fold, but I didn't, and I shot up near the top of the leaderboard before the end of Round 4 in a tournament that would end up finishing during Round 13.
At this point, with a nice fluffy stack of chips in front of me, I did what I do best and commenced operation bullystack. With my big stack and as close to full utility as I was going to get in this fast-paced tournament, I turned on the jets and absolutely steamrolled the table, garnering several comments over the ensuing hour or so in the process while I bet and raised everyone else out of pot after pot after pot. I raised pretty much every time the action came unopened to me, mostly with absolutely no regard to the cards I was dealt. I remember winning a pot with a raise holding 42o, another with 86o, and there were many more just like those as well. And I didn't just drop the hammer on these guys during this stretch, either; I dropped it twice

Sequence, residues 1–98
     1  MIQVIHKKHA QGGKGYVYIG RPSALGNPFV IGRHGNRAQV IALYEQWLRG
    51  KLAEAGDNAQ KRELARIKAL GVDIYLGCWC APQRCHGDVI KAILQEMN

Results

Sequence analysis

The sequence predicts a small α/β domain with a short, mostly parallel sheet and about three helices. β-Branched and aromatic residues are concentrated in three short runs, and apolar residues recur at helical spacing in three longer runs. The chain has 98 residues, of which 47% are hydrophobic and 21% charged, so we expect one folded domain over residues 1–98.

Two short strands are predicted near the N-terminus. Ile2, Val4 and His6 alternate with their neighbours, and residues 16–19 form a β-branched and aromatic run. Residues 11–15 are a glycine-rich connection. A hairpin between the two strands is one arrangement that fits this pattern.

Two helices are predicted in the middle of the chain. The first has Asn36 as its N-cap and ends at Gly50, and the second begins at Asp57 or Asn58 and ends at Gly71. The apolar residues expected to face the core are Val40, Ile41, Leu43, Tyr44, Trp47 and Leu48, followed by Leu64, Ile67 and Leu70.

. Within the span of maybe 7 or 8 hands. Most people do not know this, but live hammers -- in particular, when not
done to other bloggers -- are so much more dramatic than they are online, by a factor of like ten. People get really taken aback by that shit for some reason, who knew. But I love the boost it gives my image, and I just need to be sure to be prepared to show down some better cards for a while if need be. Or, just keep on pushing and try to make more than I lose from the aggression, which is exactly what I did over the next couple hours of this tournament. The key was that without exception I managed to fold to any reraises I faced when I did not have the hand or the pot odds to back it up. Yes it caused me to lose chips after having raised preflop with some regularity, but again the key to playing the bully is to make sure tht overall I am making more chips from the times everyone folds to my raises then I'm losing from the times people keep pushing me off my largely bullshit hands. Playing first-in aggro but smart to reraises, I knocked out three or four other players along the way to the final table, but we finally consolidated around Table 1 -- the table I had started at a few hours earlier -- when down to ten left.